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Everything posted by 80LPC

  1. 80LPC

    64 SG Jr

    The trademark bright crunch of a JMP 50 MV What are the 2 extra pots for ?
  2. How about a Vibramate short tail with a B5 ? Best with a roller bridge though... http://img101.imageshack.us/img101/8780/2009042921.jpg
  3. This is most likely due to a change in humidity. When wood loses moisture in a drier environment, the wood fibres shrink slightly causing the relief to increase. (This causes the truss rod nut to become more tight, not slack). When wood absorbs moisture from it's surroundings, the neck and fretboard become more straight. The process takes place regardless of the finish - nitro cellulose, poly, rubbed oil etc - it can't be stopped. Keeping a record of your preferred relief is a good idea. You can then adjust the neck if changes occur.
  4. Seems low, but it's a bolt on. Some beautiful pieces there.
  5. One of the pictures shows a fret which is too short - it doesn't reach the edge of the board. Also, the nibs are very low and have a completely different profile to the ends of the frets. The work is typical of 'fretting inside the binding', and the nibs have the profile of the original fret ends. At the upper end of the fretboard, the match is closer, but this is just because these frets have been filed down more.
  6. "Original large frets in great shape; they have never been dressed or crowned" It has clearly been re-fretted (badly), and they are very worn. The nut looks to be a replacement also.
  7. I've seen isolation boxes used in studios, so I made a compact version. I plugged this - Into this - Inside are 2 mics (one aimed at the centre of the cone, the other midway). There are designs around the web, but I wanted to try a couple of ideas of my own. It's an experiment - I didn't have high hopes. It sounds like a Blues Junior cranked up, but very little sound leaks out. I decided to change the design to give more bass (and maybe more of a Marshall sound), and just finished soldering it - will try later.
  8. Gibson and Fender always go well together !
  9. Yoda, look familiar ? This particular one is 1980. The side mounted jack came in '79 and lasted for around 10 years. The trapezoid inlays came back around 1985. Was also available in some tasty sunbursts. 1983
  10. Some mid '70s SG Standards had unbound fretboards, but they had block inlays... I'm suspicious about this guitar. Much better pictures are needed - headstock front and back would be good. As Duane points out, that bridge is 'interesting'.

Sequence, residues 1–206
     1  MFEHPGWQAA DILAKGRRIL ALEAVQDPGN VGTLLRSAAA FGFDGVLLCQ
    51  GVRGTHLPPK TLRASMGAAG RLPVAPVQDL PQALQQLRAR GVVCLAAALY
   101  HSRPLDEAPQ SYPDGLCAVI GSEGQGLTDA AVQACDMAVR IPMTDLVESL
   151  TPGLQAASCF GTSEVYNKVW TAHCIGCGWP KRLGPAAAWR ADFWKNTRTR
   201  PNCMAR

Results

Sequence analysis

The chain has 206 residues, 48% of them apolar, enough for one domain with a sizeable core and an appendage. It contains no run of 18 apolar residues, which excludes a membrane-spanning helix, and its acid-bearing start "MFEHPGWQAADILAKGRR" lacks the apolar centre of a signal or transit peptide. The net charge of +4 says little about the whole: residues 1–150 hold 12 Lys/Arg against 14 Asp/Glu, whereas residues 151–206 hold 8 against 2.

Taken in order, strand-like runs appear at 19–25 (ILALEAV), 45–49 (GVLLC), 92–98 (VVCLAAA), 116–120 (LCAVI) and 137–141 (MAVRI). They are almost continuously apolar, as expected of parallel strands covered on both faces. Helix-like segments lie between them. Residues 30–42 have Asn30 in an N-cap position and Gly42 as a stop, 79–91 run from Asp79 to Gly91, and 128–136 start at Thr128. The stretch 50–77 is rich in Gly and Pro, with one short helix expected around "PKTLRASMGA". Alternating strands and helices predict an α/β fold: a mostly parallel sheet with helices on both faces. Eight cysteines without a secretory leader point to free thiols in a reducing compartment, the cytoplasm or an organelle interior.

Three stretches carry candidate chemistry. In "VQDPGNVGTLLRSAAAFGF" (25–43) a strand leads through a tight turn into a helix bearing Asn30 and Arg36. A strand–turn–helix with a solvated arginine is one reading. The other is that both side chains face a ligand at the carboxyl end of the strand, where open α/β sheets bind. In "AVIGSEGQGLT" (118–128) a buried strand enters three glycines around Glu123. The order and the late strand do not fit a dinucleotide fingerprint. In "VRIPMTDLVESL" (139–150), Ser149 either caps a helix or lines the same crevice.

11. That small amp angled up looks familiar... Santana was using the 'Boogie' in 1969. http://en.wikipedia.org/wiki/Mesa_Boogie I think it would be more accurate to say that 'soul' is in the fingers, whereas 'tone' is a prime function of guitar and amplifier. (No caps needed).
  12. 80LPC


    For a real high, spray without a mask and inhale deeply....
  13. You could replace your 3 way with a rotary switch such as this one - http://www.guitarelectronics.com/product/SWR41/4-Way-Rotary-Guitar-Pickup-Selector-Switch.html Cool with a chicken head knob.
  14. I changed my RGX to on/off operation. I went through loads of caps to get just the sound I was after. This way, when the switch is off, it lets more highs through because the output is not being loaded by the tone pot. With the switch on I get a nice effect like a wah in the heel position.
  15. Great ! Guitar louder for the next one please !
  16. I envy how you can crank it up. Where I am, the amp would be seized... I'd like to hear one of your SGs going direct into that Marshall. What cab have you got ?
  17. 80LPC

    My Gibson SG

    Dom, the Vintage will be made from nato (sometimes called 'eastern mahogany' - although it isn't a true mahogany). It's a good tonewood, and some pieces can have beautiful figure.
  18. With the RP maple construction, I think that would sound brighter than a Strat or Tele - would be interesting to hear. I coil tapped the bridge p/u and added series / parallel switching to the neck p/u on my walnut SG. I liked the tones (the neck could get close to a Strat sound), and I could always return to humbucking mode of course.
  19. The ground wire is trapped between the insert and the wood. The other end is soldered to a volume pot to become part of the ground circuit. When you touch the strings, the electrostatic charges in your body are sent to ground. If the pickups and control cavity are correctly shielded, there is no need for the ground wire to the tailpiece.
  20. To the tailpiece. Of course, the bridge is also grounded via the strings.
  21. This would have been pretty low - about 30 psi I think. It was thinned down more than normal which gave it a more 'wet' look. It needed quite a few coats, and put a fair bit of solvent in the air ! It was the old style siphon gun with narrow fan, and I held it closer than normal but moved faster. What I used to do was follow the contours as accurately as possible and watch the surface like a hawk. With the final coat, I always used to load up the surface as thick as I dared. I never sprayed a guitar hung in one position, I was always turning it to get the best angle. By the way, this was over the original matt finish that Gibson applied to "The SG" and "The Paul".
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